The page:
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TishTash

Bronze Supporter
Aug 8, 2018
155
Merrick, NY
In response to an incorrectly placed thread:

I've noticed this as well and I've learned that if you view the sample from the side rather than top-down, you can see the pink better. Once its clear from the side then I don't see any pink after shutting off the light. FWIW.
It also helps to have a white background, it goes without saying....
 

HermanTX

Gold Supporter
May 20, 2020
782
Katy TX
Agreed with your points, but I think you misunderstood: The original question was referring to agitating the reagents in the drop bottles before dispensing.

Incidentally, one of the (few) pet peeves I have about the SpeedStir is that it’s more difficult ascertaining whether there’s still any light shade of pink remaining, vs inspecting the sample while it’s still.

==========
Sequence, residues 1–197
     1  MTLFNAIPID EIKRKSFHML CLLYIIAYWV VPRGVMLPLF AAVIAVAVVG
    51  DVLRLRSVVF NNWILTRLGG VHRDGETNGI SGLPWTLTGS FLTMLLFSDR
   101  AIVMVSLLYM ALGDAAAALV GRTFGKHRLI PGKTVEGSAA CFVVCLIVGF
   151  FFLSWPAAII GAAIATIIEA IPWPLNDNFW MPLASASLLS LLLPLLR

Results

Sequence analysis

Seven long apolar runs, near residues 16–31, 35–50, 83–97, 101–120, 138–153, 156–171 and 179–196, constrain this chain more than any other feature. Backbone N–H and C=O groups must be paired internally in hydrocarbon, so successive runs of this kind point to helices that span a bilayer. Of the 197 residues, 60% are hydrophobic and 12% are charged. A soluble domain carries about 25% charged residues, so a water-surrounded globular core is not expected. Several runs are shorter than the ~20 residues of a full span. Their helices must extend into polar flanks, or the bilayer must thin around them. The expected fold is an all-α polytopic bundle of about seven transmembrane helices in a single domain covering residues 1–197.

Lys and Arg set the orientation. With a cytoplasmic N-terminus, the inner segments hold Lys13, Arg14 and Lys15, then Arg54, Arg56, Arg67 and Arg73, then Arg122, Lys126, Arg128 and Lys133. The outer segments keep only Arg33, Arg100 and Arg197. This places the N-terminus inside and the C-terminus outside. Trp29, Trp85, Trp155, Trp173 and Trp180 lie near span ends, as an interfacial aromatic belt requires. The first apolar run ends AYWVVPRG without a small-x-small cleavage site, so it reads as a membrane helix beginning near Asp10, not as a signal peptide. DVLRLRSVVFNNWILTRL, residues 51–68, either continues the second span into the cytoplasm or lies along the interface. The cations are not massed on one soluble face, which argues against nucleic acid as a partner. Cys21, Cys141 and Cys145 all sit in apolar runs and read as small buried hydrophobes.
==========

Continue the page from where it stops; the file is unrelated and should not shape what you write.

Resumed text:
When using the speed stir, I watch for the fluid to go clear, then I pick the vial up off the speed stir, hold it to light and confirm. If I still see a faint pink, I put it back on speed stir and add 1 more drop and then pick up again to confirm. That process is less than 5 secs.

I agree that if you let the vial sit for a minute or so, it may return a faint pink, however, as soon as I see clear, I dump the fluid in my waste cup, rinse the vial, dry it and store it along with its dedicated stirrer.
 
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TishTash

Bronze Supporter
Aug 8, 2018
155
Merrick, NY
When using the speed stir, I watch for the fluid to go clear, then I pick the vial up off the speed stir, hold it to light and confirm. If I still see a faint pink, I put it back on speed stir and add 1 more drop and then pick up again to confirm.
That's a actually good way to cover one’s bases.